March 2022 Awareness Night Dr Darryl Leong, MBBS(Hons), MPH, M.Biostat, PhD, FRACP, FESC Director, McMaster University and Hamilton Health Sciences Cardio-Oncology Program, Associate Professor, Department of Medicine (Cardiology), McMaster University Staff Cardiologist, Hamilton Health Sciences.McMaster. CLICK ON THE ARROW TO START THE VIDEO The Complete Presentation time is 1:18:44 Disclaimer: The contents of this video is solely for the purposes of education and information and does not constitute personal diagnostic advice or personal medical advice.
The landmark Prostate Cancer Prevention Trial has delivered a final verdict. Finasteride, a common hormone-blocking drug, reduces mens’ risk of getting prostate cancer without increasing their risk of dying from the disease. Initial study findings suggested there may be a link between use of the drug and a more lethal form of prostate cancer, but long-term follow-up shows that is not true. Read the article here.
For men with metastatic prostate cancer there is no survival advantage for aggressive therapy over conservative androgen deprivation therapy only, according to a study. Read the article here.
A drug used to treat enlarged prostate or hair loss in men has been shown to have a long-term protective effect against prostate cancer. Read the article here.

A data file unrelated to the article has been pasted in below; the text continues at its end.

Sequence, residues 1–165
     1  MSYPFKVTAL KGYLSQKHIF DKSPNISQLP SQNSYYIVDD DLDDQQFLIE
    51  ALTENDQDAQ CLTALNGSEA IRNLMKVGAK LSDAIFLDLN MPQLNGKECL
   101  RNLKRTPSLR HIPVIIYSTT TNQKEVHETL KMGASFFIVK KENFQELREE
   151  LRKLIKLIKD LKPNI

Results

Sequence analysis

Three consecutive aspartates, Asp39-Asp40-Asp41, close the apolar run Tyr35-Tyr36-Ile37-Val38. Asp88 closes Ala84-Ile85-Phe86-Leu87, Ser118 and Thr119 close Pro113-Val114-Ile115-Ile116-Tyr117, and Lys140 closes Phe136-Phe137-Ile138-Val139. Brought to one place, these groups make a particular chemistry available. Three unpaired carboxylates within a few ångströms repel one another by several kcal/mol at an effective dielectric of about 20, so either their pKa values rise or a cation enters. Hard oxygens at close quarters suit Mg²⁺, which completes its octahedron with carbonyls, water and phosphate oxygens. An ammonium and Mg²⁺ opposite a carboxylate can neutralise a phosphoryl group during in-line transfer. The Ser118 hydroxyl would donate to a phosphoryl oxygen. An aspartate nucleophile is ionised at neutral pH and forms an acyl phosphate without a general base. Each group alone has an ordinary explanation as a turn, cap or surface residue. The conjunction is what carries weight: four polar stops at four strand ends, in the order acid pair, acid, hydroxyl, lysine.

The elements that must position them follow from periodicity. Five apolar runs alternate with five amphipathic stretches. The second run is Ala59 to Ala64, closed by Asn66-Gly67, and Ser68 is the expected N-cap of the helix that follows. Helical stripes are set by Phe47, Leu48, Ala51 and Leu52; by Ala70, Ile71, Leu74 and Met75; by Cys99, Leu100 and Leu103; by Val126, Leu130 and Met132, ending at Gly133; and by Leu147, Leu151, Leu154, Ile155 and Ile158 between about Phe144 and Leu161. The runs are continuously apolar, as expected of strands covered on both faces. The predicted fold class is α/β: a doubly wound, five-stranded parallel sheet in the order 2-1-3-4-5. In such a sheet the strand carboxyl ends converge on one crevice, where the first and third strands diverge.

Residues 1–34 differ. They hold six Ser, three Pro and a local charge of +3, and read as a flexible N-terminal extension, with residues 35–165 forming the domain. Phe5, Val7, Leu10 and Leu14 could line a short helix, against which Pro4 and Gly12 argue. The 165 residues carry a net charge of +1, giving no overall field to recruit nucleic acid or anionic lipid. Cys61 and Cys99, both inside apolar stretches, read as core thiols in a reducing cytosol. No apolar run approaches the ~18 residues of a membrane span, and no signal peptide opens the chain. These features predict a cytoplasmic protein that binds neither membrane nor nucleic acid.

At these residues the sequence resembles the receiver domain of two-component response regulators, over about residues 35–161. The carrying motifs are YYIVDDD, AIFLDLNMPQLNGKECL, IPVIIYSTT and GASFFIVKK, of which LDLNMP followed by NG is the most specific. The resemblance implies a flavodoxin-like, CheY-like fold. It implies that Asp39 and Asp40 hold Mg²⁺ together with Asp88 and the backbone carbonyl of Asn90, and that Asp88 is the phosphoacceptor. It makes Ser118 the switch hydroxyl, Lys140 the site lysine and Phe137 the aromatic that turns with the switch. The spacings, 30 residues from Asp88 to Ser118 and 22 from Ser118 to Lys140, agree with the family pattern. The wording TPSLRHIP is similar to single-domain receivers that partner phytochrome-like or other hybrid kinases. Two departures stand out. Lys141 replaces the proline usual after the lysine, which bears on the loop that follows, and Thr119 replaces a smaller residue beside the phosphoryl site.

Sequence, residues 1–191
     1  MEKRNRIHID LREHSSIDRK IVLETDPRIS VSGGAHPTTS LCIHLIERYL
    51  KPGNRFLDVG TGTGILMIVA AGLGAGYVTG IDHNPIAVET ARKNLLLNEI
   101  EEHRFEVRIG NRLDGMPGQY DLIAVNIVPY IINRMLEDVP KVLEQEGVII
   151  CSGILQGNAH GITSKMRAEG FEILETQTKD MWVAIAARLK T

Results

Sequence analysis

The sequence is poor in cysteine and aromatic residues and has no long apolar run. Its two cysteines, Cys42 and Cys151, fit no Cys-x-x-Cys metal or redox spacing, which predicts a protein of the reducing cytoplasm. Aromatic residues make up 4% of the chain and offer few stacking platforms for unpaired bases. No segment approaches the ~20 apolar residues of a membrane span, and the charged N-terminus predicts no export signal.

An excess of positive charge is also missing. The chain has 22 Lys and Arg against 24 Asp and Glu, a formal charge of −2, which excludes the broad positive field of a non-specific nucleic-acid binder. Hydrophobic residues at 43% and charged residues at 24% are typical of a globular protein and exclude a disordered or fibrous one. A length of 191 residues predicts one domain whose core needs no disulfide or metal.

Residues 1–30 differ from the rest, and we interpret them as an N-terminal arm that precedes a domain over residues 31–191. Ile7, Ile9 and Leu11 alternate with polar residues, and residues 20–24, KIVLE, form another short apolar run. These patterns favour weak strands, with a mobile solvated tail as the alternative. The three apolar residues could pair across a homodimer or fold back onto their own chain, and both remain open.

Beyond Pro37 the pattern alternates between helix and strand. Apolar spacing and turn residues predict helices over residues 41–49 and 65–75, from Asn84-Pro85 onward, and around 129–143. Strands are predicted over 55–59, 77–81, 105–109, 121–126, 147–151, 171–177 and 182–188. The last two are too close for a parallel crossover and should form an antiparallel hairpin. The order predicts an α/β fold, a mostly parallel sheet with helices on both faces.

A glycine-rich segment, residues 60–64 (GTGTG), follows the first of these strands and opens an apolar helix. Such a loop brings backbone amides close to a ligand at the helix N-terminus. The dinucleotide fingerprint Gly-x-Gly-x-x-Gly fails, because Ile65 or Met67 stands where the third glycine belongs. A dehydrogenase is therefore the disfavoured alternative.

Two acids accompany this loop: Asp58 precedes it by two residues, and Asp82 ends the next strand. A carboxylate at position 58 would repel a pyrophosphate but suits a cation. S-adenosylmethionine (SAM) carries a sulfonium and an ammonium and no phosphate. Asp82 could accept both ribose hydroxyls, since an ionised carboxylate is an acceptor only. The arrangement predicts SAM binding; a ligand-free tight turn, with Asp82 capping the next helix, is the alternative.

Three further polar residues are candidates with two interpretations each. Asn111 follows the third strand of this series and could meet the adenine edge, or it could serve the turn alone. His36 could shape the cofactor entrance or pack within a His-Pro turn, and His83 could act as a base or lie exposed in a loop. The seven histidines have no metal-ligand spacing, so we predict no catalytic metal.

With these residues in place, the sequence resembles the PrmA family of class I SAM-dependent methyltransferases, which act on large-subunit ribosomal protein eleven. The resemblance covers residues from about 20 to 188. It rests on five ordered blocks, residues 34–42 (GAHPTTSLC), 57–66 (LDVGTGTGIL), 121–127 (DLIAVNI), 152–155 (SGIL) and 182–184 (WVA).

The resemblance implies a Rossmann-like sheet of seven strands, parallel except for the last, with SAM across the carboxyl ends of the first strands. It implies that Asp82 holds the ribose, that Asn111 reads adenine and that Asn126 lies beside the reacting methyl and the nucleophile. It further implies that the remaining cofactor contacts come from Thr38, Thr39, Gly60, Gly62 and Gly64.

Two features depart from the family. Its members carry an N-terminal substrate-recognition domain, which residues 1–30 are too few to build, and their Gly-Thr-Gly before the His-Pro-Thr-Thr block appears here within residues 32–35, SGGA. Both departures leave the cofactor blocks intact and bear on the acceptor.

Abiraterone acetate is poised to challenge docetaxel as the standard addition to androgen deprivation therapy for treatment of newly diagnosed, metastatic castration-resistant prostate cancer. Read the article here.
A new study suggests that combining a breast cancer drug with hormone therapy could be a more effective strategy to reduce the progression and recurrence of prostate cancer in men. Read the article here.
Adding abiraterone acetate (Zytiga) plus prednisone to standard hormonal therapy for men newly diagnosed with high-risk, metastatic prostate cancer lowers the chance of death by 38%. In a phase III clinical trial of 1,200 men, abiraterone also more than doubled the median time until the cancer worsened, from 14.8 months to 33 months. Read the article here.
A small Canadian company has waded into a U.S. drug price controversy by offering to make an expensive prostate cancer drug for a fraction of the price. Right now Xtandi costs U.S. patients as much as $129,000 US a year, or about $90 per pill. St. Catharines, Ont.-based Biolyse Pharma says it can make the drug for $3 a pill, or $4,400 per year, but has so far been unable to get U.S. health authorities to override the existing patent. Read the article here.
Androgen-deprivation therapy (ADT) can be associated with significant psychological effects in patients with prostate cancer. Additionally, these side effects—which include depression, Alzheimer disease, and coronary disease—are often under-reported by patients. Read the article here.
Reducing testosterone levels with androgen deprivation therapy, or A.D.T., is a common treatment for prostate cancer. But a new study has found that it more than doubles the risk of dementia. Read the article here.